Icarus and The Iceland Volcano: A Pilot’s Inside Scoop

by W.M. Wiggins

Do you remember Icarus from Greek Mythology? Well, he may have been the first and original flyboy……… you see, piloting goes w-a-a-a-y back.

Icarus and his father, Daedalus, were being held captive in a sky-high tower of that nasty King Minos of Crete… and it was a far piece to the ground, let me tell you….even by Texas standards.

Icarus’ father, Daedalus, who was widely recognized as the master of ingenuity, concocted flyable wings from bee’s wax and feathers. That was just about all the material to be found in that high, old tower. Once those bird-like wings were securely mounted on Icarus and Daedalus, they were almost ready to take flight…but first, that obligatory pre departure briefing.

“Son”, says Icarus’ father, “Don’t fly too close to the Sun or too close to the water.” “If you do, son, you will be in a h-e-a-p of trouble.”

Well, we know the rest of the story. Icarus, flying in a loose formation behind his father, became bored. He zoom-climbed high toward that hot, hot, sun…melting the wax that held the feathers in place. Ploop! Into the sea he went and drowned.

Fast forward. That was then, this is now.

Iceland’s EYJAFJALLAJOKULL volcano (that’s easy for you to say) goes Ka Boom!

In this explosive eruption, volcanic ash is taken tens of thousands of feet into the air….and that’s the rub. Jet airliners need to fly in this airspace.

So, what’s the Big Deal? Ash, that’s just like dirtier dirt…right?


These plumes of volcanic ash are fine, pulverized miniature glass (silicate) rocks……like the kind of “dirt” used in sand blasting. Place a jet aircraft in that ash cloud and the “blasted off” paint will be the least of your worries.

Ideally, jet engines work on the “Suck”, “Squeeze”, “Bang”,“Blow” principle.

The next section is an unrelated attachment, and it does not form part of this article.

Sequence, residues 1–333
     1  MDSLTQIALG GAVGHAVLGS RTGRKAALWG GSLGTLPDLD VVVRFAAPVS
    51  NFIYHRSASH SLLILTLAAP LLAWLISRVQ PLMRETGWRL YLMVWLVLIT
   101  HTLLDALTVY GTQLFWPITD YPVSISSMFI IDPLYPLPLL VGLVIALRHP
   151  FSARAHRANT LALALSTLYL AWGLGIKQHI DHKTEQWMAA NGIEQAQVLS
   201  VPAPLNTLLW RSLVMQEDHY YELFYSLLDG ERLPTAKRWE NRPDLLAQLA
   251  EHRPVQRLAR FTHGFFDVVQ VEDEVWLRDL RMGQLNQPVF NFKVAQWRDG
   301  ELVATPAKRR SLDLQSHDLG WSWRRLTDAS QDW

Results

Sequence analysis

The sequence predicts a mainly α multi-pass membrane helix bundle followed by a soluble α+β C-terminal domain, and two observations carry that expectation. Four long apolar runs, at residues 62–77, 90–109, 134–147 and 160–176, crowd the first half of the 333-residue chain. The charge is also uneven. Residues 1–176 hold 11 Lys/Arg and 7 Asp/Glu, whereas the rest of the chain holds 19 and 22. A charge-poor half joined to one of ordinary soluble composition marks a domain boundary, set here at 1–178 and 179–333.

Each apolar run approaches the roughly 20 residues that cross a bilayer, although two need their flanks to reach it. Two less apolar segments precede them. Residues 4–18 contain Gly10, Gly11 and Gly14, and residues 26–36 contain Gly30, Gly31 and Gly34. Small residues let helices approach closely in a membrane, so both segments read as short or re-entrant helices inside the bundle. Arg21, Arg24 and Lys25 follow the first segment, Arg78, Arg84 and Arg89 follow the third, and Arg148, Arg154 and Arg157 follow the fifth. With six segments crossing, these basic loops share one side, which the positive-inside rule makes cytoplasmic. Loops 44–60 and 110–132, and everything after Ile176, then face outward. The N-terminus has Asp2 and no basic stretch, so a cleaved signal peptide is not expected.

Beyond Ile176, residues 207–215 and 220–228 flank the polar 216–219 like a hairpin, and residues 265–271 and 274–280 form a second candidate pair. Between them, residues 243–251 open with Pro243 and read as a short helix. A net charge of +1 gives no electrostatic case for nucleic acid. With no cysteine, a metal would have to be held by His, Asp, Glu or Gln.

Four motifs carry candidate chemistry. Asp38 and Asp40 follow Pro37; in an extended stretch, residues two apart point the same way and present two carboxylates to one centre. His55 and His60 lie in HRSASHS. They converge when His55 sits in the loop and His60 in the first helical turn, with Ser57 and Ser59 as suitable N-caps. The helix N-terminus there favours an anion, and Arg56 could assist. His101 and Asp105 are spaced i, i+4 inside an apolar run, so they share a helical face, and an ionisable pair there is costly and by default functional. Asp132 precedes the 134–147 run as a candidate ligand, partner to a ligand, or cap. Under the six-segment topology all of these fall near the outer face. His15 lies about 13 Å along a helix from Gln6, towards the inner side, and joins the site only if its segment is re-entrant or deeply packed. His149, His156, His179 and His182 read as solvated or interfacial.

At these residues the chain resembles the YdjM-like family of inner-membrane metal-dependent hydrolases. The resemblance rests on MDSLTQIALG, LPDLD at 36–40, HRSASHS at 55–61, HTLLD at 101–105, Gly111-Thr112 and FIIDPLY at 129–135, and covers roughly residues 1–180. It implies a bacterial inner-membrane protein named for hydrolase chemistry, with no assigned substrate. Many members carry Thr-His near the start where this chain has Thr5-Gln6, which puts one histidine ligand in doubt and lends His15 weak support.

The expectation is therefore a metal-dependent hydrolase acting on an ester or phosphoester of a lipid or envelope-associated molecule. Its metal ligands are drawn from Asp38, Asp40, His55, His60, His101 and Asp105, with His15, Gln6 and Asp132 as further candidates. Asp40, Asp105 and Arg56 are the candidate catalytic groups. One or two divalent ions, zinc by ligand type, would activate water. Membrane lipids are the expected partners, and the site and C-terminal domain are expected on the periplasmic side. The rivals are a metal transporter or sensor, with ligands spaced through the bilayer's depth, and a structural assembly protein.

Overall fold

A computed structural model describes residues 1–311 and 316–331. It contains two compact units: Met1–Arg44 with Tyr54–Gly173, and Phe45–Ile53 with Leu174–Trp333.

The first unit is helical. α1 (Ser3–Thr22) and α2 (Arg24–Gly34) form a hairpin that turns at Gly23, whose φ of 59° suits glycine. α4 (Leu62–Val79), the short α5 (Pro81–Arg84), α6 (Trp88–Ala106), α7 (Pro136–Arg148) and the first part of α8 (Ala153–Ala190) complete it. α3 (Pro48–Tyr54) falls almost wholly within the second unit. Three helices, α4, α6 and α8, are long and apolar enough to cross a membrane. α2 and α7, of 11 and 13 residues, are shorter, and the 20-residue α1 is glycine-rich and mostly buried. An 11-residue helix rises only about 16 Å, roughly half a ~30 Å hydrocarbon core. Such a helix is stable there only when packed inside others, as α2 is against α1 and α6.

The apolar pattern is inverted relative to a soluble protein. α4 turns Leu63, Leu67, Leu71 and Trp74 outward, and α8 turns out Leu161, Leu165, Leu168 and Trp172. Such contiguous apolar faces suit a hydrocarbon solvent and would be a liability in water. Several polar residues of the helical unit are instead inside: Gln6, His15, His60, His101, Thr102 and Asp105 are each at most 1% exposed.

The air is sucked in. The air is squeezed or compressed. The air is given fuel and ignition for the bang. The air blows or escapes through the tail exhaust, pushing the aircraft forward. (two bolts attach the engine to the wing… and the engines actually pull the aircraft forward )

Now, if you throw that silicate ash/rock into the mix….that “bang” at 2,000 degrees Fahrenheit can turn the jet engine into a lava-making machine in a hurry. Ouch …and that will gum up the works.

So, use that radar and avoid that ash cloud. Oooops….weather radar does a poor job of detecting ash clouds.

So, how would you know you are in an ash cloud?

Well, you are very likely to smell it first. It will smell ‘electrical” or acrid. There may be a smoky haze in the cockpit ( pc...flight deck ) or cabin. Engine surging, torching of the tailpipe, and glowing on the leading edge of wings or engines may occur. St. Elmos’ Fire may be present on the forward windshields. There may be cabin pressure fluctuation or loss of cabin pressure.

So, what can be done if you are in it?

The crew can go on O2 (oxygen) and drop the masks for the cabin.

A rapid power off turning (180 degrees) descent might be initiated.

Should an engine flame out, a restart at lower altitude may do the trick.

What has been presented here are generalities about what could happen in ash cloud penetration.

Many folks today, like Icarus, want to escape from where they are and travel to new points. However, when the first airliner KaPlops into the ashen sea, there will be echoes of Icarus…” You were told NOT to fly near the ….”


Answering your questions in our ASK THE CAPTAIN column is, Michael Wiggins, a retired airline pilot who has spent the better part of his life shuttling passengers around the globe. Do you have questions for YourLifeIsATrip's airline pilot? Submit your question and look for answers in a future column.

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